FutureWire - futurism and emerging technology

Monday, May 16, 2005

Congress May Take on the SSN

Faced with high-profile security breaches of ChoicePoint, Bank of America and other well-established firms -- as well as multiple other smaller hacks -- Congress is rethinking how personal information is secured.

Multiple bills are in the works to alter the way that Social Security numbers are used, and Rep. Joe Barton (R-TX), who chairs the House Energy and Commerce Committee, is pressing for legislation that would "outlaw the use of Social Security numbers for any purpose other than government purposes."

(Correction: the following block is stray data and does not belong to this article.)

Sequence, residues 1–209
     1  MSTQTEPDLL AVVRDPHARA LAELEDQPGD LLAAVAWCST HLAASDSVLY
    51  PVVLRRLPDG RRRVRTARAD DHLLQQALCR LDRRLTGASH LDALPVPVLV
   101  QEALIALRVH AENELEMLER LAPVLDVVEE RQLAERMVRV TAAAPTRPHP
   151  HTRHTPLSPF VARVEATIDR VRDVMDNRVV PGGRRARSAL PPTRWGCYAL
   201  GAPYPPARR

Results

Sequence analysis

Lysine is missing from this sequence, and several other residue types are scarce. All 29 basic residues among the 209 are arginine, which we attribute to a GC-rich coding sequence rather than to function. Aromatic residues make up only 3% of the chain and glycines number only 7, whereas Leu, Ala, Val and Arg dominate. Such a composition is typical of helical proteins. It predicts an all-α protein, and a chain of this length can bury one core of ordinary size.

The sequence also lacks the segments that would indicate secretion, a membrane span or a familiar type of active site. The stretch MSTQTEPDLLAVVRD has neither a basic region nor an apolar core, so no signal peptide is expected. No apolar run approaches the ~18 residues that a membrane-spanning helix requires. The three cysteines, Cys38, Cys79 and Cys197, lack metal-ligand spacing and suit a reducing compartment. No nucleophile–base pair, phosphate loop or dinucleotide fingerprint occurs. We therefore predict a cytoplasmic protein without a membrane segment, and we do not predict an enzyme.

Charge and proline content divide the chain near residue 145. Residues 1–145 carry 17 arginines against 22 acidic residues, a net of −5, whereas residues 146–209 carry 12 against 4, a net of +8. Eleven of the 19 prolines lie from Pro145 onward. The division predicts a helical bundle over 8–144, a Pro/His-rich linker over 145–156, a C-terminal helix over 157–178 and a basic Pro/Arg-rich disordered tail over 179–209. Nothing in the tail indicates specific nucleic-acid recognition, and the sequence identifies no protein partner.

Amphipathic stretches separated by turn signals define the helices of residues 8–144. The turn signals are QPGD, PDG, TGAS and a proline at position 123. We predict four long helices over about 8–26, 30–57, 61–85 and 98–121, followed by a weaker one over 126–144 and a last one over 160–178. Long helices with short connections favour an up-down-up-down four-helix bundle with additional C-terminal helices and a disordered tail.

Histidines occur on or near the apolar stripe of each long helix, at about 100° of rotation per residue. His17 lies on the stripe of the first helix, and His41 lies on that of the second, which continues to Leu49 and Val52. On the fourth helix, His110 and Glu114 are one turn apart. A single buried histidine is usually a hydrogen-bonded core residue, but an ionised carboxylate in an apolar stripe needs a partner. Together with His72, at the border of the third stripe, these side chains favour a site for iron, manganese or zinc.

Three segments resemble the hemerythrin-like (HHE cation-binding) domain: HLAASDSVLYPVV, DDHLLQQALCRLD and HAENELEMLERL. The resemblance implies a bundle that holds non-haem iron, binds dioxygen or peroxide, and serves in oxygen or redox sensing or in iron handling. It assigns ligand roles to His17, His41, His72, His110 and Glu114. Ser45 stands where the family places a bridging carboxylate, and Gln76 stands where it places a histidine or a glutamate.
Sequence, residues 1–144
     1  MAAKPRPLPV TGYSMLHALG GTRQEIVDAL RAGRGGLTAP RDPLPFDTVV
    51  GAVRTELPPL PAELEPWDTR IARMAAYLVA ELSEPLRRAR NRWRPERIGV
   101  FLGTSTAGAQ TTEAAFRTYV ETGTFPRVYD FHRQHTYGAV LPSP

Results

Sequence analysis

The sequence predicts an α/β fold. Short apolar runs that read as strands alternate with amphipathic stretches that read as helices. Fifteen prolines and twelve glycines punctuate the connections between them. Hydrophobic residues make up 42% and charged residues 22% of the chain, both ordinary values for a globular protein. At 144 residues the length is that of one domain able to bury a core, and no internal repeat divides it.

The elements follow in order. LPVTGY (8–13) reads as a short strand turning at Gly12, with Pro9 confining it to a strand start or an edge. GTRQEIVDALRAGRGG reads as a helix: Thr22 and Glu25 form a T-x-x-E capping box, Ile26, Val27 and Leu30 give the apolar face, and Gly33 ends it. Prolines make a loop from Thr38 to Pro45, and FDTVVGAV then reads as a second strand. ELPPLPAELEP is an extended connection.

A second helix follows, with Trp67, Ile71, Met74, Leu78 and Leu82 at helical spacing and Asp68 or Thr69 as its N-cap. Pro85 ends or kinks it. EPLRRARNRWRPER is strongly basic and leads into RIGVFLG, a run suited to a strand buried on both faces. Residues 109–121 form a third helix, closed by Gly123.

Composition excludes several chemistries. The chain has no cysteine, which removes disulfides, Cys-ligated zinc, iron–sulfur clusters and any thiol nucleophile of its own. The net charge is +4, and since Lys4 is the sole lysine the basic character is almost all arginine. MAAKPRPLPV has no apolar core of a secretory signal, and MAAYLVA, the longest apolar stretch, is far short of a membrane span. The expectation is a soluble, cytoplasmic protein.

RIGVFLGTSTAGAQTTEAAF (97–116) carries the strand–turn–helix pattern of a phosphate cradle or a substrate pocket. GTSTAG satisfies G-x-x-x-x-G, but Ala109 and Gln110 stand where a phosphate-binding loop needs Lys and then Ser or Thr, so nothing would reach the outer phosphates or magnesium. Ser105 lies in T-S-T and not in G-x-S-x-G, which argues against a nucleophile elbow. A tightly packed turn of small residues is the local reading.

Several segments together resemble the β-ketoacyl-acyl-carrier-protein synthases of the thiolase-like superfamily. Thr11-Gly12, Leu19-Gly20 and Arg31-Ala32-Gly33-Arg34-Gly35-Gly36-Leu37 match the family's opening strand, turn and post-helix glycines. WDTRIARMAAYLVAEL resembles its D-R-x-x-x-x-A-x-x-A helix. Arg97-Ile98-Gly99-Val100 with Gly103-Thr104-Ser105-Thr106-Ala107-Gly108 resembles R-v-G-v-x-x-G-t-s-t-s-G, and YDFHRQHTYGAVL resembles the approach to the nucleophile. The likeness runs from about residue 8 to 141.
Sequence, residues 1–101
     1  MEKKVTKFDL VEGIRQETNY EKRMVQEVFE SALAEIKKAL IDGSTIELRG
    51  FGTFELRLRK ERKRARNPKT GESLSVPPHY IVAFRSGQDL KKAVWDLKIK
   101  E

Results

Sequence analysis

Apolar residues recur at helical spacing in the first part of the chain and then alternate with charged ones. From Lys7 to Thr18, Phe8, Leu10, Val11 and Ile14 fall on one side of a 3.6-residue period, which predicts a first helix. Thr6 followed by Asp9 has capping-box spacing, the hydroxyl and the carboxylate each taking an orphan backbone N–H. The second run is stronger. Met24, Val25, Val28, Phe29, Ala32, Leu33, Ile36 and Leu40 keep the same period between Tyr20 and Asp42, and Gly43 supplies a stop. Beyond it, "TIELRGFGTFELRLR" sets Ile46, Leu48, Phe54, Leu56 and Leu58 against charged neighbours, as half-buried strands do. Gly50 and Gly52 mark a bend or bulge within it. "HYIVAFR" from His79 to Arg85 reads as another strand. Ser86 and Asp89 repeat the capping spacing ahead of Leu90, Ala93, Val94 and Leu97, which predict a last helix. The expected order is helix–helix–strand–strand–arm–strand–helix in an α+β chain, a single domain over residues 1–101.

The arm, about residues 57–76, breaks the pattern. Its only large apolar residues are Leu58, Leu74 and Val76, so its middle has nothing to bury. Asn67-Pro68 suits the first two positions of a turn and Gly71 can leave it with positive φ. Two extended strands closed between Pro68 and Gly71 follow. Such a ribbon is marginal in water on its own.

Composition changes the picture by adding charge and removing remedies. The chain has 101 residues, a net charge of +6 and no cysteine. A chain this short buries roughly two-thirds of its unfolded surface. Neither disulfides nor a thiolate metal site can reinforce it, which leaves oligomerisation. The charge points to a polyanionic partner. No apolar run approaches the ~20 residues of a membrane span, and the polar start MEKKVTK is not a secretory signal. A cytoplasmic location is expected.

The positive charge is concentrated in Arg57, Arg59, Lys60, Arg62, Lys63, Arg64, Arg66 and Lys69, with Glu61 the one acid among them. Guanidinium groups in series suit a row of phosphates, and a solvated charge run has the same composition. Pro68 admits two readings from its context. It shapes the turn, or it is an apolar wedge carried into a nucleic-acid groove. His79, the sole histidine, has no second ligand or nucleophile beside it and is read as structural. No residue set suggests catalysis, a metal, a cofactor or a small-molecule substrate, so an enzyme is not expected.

Of course, SSNs were never intended to be general-purpose identifiers, but took the first steps along that road during the 1960s, when they were used for tax identification. During the 1970's and '80s, SSNs were linked to a variety of personal information, including bank accounts and insurance.

There's not reason why banks and credit bureaus can't generate their own identifiers that would undoubtedly be more secure than permanent SSNs. Ideally, such identifiers should be temporary, changing on a regular basis or whenever the customer chooses. They can also be secured through token technology, which would require a physical device (smart card, etc.) in addition to an identifier to access one's personal information.

Source: C|Net